Whether or not we plan to do so, each of us will face death eventually. However, by planning we can make our passing easier and better in many ways for those we leave behind. The first article in the series demonstrated how you could gain privacy from the public by planning and using a trust rather than going through the public probate process. The second article in the series focused on how you can make the transition better through the manner in which you leave your assets to your loved ones. The third article in the series focused on the importance of communicating your plans to your family to avoid problems after your death. This final article in the series looks at the thorny issue of disinheriting a child.
Under the laws of most, if not all states, if you die intestate (i.e., without a will), some or all of your property would go to your children who survive you. If you leave a will, but forget to mention a child, in most states the omitted child would receive the same share as if you had died intestate. But you can decide to leave nothing to a child.
However, especially if the disinheritance is a surprise, your child could have hurt feelings and could challenge your estate plan by claiming you did not have the mental capacity to make the plan or by claiming you were under undue influence from someone else.
There are a couple of ways to lessen the risk of a challenge. As discussed in a prior article in this series, discussing your plan with your family will go a long way to reduce the risk of a challenge. Another way is to include a “no contest clause” in your plan. Such a clause provides that if the person challenges your plan, they get nothing.
Of course, in order for the no contest clause to have any deterrent effect, you would need to leave that person something so they would stand to lose something by contesting the plan.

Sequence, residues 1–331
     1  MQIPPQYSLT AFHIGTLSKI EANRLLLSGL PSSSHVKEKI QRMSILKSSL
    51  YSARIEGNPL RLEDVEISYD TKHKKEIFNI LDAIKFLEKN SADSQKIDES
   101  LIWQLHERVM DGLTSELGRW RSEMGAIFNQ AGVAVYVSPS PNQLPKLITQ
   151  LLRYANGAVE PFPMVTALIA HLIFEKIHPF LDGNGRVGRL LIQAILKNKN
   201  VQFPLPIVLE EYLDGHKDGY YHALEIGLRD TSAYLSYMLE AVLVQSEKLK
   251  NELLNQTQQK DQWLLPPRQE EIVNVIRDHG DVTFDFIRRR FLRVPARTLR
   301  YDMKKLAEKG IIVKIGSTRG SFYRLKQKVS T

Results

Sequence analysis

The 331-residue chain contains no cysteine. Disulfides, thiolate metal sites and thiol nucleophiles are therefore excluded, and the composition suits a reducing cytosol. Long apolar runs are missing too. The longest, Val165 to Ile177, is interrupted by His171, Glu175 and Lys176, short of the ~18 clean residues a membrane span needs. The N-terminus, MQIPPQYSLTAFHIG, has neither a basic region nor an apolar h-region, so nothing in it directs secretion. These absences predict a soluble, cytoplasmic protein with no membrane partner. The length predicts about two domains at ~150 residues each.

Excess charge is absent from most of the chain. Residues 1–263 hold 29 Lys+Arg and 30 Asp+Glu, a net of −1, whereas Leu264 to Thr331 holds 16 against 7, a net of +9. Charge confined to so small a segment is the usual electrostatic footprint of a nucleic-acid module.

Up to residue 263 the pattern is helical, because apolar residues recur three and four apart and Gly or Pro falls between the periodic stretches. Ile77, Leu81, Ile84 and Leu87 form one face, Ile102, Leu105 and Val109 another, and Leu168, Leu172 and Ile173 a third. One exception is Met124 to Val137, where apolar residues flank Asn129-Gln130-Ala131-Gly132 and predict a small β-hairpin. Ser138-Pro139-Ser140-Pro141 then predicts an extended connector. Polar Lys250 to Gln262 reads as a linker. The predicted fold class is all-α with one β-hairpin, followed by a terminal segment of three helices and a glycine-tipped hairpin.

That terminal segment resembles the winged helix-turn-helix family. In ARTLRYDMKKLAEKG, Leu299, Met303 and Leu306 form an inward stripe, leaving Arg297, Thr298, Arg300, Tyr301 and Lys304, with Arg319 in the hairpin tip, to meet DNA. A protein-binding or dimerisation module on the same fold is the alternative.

For example, Betty has $3 million and has three children, Sue, John, and Alice. For good reasons, Betty decides to leave her assets to Sue and Alice and wants to leave John nothing. If she were to do that, John would be able challenge the plan. While he may not win, he could cause a great deal of turmoil. If instead, Betty were to leave John $100,000 and inserted a no contest clause, John would have to think twice before contesting. If John were to contest and not succeed, he would receive nothing. However, if he just walked away, he’d receive $100,000. Thus, in that scenario, Sue and Alice would each receive $1,450,000 and John would receive $100,000. Family harmony could be preserved to the extent possible. The family could be spared the financial and emotional drain of a protracted dispute.
There are countries in which you cannot disinherit your children. With rare exceptions (such as in Louisiana), you can disinherit your children in the United States. However, you should proceed with caution. It’s best to let your family know of your plans and the reasoning behind them. Even if they may not agree with your decision, they would be more likely to know the plans are your idea and respect them. Consider inserting a no contest clause in your plan as a deterrent to a contest of your plan. Finally, a no contest clause really has no deterrent effect unless there is a significant, although diminished, bequest to the person you’d be disinheriting.
Stephen C. Hartnett, J.D., LL.M.
Director of Education
American Academy of Estate Planning Attorneys, Inc.
9444 Balboa Avenue, Suite 300
San Diego, California 92123
Phone: (858) 453-2128